Review: Advanced Installer

Advanced Installer 1.8
Craiova, Romania

Here's another tool for building MSI packages for installing software on Windows, with an innovative pricing model. If you just want the core features (installing files, setting registry keys, and setting environment variables), it's free; you can use it forever with Caphyon's blessing. To unlock the full set of supported MSI features, you need a professional license at $99. Finally, for a version with special smarts to install Java applications, you'll pay the full $149 price. You can try all three versions in a single 30-day trial download.

Advanced Installer in professional mode supports a respectable number of the capabilities of the Windows Installer:

  • File and folder installation
  • Registry key installation
  • Division of your application into features and components
  • Environment variables
  • Creating ODBC data sources
  • Creating file associations
  • Running custom actions
  • Installing services
  • Importing merge modules
  • Altering the user interface flow of setup

The authoring environment is extremely straightforward. It's got an XP-style shortcut bar to the left which gets you to the various sections, each of which takes you to controls to make settings. Embedded help tells you just what to do in each section. For example, when you go to the Services section, you get toolbar buttons for adding a service and controlling a service, and help telling you what to do, plus a treeview of the service operations that are already present. Some things can't be edited - notably, there's no way to rearrange the controls on the various dialogs, though you can customize them when that makes sense (for example, by specifying your own readme file).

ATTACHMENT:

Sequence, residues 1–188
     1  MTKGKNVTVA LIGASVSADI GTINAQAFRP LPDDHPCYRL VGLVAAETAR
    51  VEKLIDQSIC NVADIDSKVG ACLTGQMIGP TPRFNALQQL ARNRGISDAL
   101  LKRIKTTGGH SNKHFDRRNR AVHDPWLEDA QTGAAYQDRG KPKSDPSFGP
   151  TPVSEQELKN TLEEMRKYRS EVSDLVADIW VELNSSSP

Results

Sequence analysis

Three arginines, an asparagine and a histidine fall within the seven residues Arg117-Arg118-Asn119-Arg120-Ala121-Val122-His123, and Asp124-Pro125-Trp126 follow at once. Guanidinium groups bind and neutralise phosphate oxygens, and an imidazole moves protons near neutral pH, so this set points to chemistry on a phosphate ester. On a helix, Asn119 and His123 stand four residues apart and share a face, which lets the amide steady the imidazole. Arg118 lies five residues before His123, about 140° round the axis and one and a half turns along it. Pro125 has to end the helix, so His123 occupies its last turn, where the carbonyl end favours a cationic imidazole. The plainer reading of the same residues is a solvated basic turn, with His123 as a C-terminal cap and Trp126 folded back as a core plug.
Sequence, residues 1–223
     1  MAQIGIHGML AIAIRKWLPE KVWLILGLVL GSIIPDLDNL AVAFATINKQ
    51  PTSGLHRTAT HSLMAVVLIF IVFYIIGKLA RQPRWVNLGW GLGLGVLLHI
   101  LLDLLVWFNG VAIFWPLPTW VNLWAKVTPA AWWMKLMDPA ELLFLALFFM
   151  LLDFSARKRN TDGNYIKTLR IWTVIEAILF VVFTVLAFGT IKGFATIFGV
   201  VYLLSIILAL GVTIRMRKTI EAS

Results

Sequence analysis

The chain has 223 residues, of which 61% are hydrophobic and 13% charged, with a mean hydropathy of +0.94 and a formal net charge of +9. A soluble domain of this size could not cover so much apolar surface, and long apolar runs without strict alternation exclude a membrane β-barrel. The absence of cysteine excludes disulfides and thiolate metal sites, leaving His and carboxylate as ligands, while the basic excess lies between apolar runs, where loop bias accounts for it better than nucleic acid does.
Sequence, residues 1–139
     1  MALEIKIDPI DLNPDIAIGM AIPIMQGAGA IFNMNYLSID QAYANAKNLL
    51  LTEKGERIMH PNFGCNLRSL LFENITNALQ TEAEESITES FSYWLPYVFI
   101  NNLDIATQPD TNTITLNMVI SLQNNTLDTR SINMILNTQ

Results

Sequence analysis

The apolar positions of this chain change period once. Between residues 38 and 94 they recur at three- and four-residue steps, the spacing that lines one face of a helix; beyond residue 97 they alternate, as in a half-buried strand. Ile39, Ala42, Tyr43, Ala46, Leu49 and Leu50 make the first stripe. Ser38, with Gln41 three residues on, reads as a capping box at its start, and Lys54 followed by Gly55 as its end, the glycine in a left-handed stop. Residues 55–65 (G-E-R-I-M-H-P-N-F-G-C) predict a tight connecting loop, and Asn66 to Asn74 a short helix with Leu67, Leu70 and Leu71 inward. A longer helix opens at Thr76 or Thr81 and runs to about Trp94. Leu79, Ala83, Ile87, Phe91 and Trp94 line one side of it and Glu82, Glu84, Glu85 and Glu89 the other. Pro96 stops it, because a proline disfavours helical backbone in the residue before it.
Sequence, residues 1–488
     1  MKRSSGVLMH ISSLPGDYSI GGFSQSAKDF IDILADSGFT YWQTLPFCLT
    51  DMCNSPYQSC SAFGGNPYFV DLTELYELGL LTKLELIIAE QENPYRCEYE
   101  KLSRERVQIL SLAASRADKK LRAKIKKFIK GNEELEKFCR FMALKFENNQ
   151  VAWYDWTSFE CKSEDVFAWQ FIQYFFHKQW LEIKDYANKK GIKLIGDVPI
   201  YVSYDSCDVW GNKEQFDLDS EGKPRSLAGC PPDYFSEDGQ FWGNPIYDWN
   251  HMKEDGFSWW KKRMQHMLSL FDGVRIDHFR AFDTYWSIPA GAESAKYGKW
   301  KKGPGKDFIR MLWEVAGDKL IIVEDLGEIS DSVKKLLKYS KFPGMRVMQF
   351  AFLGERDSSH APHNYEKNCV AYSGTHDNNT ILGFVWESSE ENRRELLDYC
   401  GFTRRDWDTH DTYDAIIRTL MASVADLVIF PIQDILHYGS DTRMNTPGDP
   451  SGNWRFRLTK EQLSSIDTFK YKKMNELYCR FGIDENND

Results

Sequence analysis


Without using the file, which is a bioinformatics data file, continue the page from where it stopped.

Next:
When you're done setting things up, a single button click will build the MSI file, and another will let you test it out on your development machine. You won't find the capabilities of the high-end setup builders here, but for a basic MSI installation, it does the job and is cost-effective.

About the Author

Mike Gunderloy has been developing software for a quarter-century now, and writing about it for nearly as long. He walked away from a .NET development career in 2006 and has been a happy Rails user ever since. Mike blogs at A Fresh Cup.


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